Month: July 2016

Genomics England Selects Inuvika as a Technology Partner for the 100,000 Genomes Project

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Genomics England has selected Inuvika as a technology partner to deliver the secure virtual desktop environment for the 100,000 Genomes Project.

Genomics England selected Inuvika’s Open Virtual Desktop Enterprise (OVD) to deliver secure access to the research environment for the 100,000 Genomes Project.  Consisting of a Windows virtual desktop, datacentre hosted applications and associated de-identified datasets, OVD publishes the users’ environment so it can be securely accessed from a standard HTML5 enabled web browser from any location.

“We selected Inuvika’s Open Virtual Desktop for its ability to support the Windows and Linux app requirements of our research environment while being able to ‘airlock’ the project data securely within our datacentres.” said David Brown, Head of Informatics Infrastructure. “With no need to install client software on a user’s local device and no requirement for firewall intervention on remote client sites it makes secure access for researchers, clinicians, academia and data providers very simple.”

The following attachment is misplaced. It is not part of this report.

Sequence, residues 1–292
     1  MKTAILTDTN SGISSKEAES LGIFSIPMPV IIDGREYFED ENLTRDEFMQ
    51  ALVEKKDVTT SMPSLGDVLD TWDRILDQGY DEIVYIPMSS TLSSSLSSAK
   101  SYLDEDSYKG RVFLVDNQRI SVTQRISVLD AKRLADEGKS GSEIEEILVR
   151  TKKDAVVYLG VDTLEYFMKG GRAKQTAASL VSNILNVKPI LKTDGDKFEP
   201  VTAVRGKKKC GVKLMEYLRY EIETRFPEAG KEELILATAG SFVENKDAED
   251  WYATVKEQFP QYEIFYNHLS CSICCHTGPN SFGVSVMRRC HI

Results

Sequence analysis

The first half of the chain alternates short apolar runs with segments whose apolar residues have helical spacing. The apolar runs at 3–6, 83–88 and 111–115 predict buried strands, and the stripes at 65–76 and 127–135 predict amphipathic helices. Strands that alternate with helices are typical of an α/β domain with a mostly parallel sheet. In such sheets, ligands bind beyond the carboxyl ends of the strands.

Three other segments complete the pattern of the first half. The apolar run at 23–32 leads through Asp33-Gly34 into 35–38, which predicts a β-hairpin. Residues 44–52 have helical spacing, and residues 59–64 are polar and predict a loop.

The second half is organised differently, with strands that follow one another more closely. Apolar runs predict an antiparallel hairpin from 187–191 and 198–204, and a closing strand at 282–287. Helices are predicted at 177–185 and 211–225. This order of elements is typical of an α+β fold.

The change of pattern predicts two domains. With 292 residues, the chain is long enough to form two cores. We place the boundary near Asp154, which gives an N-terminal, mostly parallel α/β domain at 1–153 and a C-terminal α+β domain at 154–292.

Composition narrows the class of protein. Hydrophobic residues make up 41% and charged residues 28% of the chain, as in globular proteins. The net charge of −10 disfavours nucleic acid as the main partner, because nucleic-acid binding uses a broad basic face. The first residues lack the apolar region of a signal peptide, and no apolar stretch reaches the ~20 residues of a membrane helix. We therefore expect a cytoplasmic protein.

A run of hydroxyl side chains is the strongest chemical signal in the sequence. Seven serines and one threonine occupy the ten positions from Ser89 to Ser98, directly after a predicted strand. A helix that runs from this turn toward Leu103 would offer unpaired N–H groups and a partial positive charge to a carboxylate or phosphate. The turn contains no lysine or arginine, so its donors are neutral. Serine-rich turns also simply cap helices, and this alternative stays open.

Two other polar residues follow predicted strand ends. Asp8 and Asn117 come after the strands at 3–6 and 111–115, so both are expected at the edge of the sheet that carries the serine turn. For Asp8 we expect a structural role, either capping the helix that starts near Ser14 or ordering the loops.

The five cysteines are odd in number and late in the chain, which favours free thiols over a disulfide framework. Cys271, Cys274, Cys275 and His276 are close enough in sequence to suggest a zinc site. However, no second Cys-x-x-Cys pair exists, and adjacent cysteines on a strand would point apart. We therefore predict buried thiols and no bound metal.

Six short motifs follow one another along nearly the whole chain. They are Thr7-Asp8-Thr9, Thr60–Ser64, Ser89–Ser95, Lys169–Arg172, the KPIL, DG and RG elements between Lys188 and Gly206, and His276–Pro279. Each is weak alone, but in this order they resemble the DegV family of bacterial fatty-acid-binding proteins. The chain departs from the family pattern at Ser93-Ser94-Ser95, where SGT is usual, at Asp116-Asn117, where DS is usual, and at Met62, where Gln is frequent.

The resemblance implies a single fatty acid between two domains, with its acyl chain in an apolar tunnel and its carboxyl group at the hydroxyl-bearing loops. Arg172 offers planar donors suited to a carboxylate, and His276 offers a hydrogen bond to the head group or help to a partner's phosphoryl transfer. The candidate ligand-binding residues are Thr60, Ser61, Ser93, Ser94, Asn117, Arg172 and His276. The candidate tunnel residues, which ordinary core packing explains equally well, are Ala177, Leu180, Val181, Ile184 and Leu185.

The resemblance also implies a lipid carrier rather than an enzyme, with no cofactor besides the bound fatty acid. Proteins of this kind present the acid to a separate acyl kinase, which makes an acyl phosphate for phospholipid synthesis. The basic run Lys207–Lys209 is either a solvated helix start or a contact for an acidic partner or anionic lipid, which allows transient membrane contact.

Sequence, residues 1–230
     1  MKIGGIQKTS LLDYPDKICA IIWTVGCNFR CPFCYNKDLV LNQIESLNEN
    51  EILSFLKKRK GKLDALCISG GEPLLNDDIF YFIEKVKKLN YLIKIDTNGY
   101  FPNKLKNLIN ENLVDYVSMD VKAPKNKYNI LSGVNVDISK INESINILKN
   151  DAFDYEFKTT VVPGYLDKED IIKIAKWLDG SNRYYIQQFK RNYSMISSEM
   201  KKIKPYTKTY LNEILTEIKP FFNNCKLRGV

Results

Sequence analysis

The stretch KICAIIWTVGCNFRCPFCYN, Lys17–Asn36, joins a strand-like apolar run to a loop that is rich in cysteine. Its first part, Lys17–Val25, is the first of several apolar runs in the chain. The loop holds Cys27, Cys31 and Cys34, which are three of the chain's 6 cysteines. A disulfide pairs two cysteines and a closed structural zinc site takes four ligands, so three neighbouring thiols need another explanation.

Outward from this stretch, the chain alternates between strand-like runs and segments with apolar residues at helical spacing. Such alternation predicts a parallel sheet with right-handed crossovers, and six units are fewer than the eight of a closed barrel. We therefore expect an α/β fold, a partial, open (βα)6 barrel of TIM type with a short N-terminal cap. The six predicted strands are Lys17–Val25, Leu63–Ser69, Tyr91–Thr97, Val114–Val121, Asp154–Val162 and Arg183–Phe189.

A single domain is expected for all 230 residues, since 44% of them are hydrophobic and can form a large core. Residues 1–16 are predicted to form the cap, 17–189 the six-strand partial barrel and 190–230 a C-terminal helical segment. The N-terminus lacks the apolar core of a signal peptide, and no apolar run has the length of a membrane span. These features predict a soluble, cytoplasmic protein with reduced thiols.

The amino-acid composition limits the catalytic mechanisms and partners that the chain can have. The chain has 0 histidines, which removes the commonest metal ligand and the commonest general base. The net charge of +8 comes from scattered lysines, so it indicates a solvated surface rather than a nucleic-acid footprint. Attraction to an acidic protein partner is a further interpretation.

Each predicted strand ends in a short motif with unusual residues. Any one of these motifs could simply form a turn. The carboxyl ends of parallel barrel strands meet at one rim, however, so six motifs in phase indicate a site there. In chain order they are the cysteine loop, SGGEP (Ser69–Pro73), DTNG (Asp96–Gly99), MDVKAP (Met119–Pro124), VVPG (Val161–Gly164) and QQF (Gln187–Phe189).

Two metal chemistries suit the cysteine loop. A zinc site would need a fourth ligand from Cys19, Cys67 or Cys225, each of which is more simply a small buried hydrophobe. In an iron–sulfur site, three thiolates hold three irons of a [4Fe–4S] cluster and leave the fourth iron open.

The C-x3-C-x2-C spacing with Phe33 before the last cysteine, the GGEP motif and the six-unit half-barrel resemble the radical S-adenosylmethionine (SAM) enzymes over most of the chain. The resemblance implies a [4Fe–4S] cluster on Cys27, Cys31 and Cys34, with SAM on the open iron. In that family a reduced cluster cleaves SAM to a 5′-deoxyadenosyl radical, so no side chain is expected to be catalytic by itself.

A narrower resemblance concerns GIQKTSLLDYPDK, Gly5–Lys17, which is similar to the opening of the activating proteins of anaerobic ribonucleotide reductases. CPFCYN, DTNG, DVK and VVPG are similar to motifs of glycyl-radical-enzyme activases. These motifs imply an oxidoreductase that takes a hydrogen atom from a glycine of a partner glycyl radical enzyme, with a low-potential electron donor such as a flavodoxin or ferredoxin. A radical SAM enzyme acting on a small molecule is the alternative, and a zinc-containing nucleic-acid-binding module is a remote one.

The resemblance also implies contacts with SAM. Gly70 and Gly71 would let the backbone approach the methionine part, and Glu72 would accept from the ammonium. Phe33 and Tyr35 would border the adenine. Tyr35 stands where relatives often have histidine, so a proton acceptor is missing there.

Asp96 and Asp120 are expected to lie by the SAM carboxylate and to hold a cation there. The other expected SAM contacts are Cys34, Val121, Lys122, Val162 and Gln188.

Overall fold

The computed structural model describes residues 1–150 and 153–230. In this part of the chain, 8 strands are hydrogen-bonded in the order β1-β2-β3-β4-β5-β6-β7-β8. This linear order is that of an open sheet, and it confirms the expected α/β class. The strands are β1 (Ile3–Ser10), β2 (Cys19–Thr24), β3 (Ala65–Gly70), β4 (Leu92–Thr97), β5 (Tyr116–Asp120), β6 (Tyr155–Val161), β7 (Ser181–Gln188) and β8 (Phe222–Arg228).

“We are pleased to be working with Genomics England and the 100,000 Genomes Project to deliver the access platform for the participating organisations” said Kevin Gallagher, CEO of Inuvika. “OVD met the ease-of-use and data security requirements. Additionally, our open source service based approach enables us to be flexible and deliver on the specific needs of such an innovative and transformational project.”

Visit Inuvika’s site for more information.

The 100,000 Genomes Project features in London’s Science Museum

The Science Museum’s Our Lives in Data exhibition highlights the technology revolution that will impact our lives.

Gallery view of Our Lives in Data - an exhibition exploring how big data is transforming the world around us; uncovering some of the diverse ways our data is being collected, analysed and used.